Where the three organizations have probably been most effective, though, is through targeted mail and phone calls. Approximately 25-30 pieces of mail were sent to potential voters in IA and NH. From the designations on some of the expenditures, and from knowing that mail is often used for more specific targeting than electronic media, it appears that much and maybe all of the mail and phone calls went to women voters. The total spent was about $825,000, and it was complemented by another $55,000 in phone calls.
On election day there were reports from NH that the Clinton campaign leadership believed they would lose. Even they were surprised by their win which confounded pollsters and led to much speculation about what explained Clinton's 2 point victory. 57% of the Democratic primary voters in NH were women. That was apparently higher than the pollsters expected, and could very well be explained by the concerted effort to persuade and mobilize women voters conducted by AFSCME, the AFT and EMILY's List.
The model of some electronic media—mostly radio—and numerous mail pieces, usually six per state, followed up with phone calls has been used repeatedly by the three organizations. This set of activities was used in Nevada, where AFSCME and the AFT spent approximately $450,000 in media, mail and phones.
In the lead up to Super Tuesday, AFSCME and EMILY's List appear to have split responsibilities, with AFSCME working CA and EMILY's List handling CT and NJ. As seen in the polling results, Clinton performed much better than she polled on the way to wins in CA and NJ, although Obama did narrowly prevail in CT. The spending in the three states was just under $700,000. In the states other than MA and AR where AFSCME and EMILY's List didn't work, Obama mostly won by huge margins.
Since Super Tuesday, where spending wasn't as widely dispersed, the ability of AFSCME, the AFT and EMILY's List to win big margins of women voters for Clinton appears to have diminished. For the Potomac primaries, AFT and AFSCME spent $600,000; about $380,000 in the media markets of MD, VA and the DC media market shared by the District and both states, and about $220,000 in mail and phones in MD. Nevertheless, Obama posted big wins in both states, although his win was more modest in MD, where AFSCME dropped about six pieces of mail.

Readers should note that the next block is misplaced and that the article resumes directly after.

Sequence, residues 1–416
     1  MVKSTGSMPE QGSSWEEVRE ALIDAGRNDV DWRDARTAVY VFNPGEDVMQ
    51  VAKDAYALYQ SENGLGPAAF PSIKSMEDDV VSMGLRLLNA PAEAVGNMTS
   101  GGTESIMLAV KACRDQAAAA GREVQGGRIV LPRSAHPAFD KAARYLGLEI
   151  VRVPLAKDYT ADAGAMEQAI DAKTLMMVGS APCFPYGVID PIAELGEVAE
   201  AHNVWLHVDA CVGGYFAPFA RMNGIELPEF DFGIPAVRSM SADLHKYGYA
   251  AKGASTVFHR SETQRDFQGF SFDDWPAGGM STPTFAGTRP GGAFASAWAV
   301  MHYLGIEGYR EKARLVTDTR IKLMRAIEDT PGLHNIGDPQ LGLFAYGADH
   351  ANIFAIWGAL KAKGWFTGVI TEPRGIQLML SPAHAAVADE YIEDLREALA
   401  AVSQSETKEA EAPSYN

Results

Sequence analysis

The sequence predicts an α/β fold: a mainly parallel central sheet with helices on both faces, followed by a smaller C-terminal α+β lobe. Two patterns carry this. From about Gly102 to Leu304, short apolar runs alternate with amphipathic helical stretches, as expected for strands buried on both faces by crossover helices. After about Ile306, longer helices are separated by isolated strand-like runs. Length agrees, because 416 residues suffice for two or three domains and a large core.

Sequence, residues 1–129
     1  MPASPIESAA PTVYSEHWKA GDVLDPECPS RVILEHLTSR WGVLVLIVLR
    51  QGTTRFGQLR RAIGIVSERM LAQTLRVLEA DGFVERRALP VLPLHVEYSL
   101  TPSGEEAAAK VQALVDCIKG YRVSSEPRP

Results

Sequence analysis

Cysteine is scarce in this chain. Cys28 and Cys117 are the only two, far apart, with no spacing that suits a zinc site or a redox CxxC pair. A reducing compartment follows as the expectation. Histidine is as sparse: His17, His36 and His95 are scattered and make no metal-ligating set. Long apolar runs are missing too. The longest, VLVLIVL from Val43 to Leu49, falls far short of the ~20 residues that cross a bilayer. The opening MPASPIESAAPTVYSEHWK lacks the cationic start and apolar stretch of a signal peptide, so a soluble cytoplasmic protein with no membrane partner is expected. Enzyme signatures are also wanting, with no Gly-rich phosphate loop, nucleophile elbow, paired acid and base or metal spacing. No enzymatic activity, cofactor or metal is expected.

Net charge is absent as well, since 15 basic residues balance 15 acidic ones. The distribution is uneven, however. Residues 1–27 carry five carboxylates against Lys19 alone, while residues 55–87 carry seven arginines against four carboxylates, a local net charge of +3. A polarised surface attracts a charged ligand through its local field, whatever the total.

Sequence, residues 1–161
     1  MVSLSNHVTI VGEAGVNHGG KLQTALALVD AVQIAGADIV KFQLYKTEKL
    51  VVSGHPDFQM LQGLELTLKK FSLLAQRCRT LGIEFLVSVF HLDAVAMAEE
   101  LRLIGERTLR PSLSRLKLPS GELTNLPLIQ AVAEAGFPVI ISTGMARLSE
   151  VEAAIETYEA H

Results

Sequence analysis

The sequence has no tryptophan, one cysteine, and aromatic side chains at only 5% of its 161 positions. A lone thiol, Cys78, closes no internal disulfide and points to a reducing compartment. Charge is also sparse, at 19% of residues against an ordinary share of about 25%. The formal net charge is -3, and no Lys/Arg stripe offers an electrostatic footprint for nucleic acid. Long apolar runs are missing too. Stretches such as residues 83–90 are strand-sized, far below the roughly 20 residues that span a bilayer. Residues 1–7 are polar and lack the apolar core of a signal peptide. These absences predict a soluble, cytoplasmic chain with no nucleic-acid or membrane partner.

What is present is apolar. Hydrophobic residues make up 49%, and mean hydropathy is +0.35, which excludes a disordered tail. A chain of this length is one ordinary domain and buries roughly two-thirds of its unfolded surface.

For Wisconsin, the AFT spent $200,000 on radio, but none of the three organizations ran any mail or phones. It is probably not a coincidence that WI was the first contest since Iowa where Obama won the majority of white voters, and split the women's vote 50-50.
Before Obama generated momentum, AFSCME, the AFT and EMILY's List appear to have been able to provide significant support to Hillary Clinton. They very well may have been the decisive factor in Clinton's surprising and campaign-saving win in New Hampshire. They probably played an important part in her solid wins in NJ and CA, and may have kept CT close. But as the campaign has progressed, the micro-targeting of women that these three groups appear to have done so effectively has not been enough to hold back the growing strength of Obama in all demographics.
In the last few weeks, AFSCME, the AFT and EMILY's List have spent heavily in Ohio. However, they now have competition in the IE game. Obama is now supported by the SEIU, and that may dramatically offset any advantage Clinton had been enjoying from the support of her three supporting organizations. We will look at what's going on in OH and TX later Monday.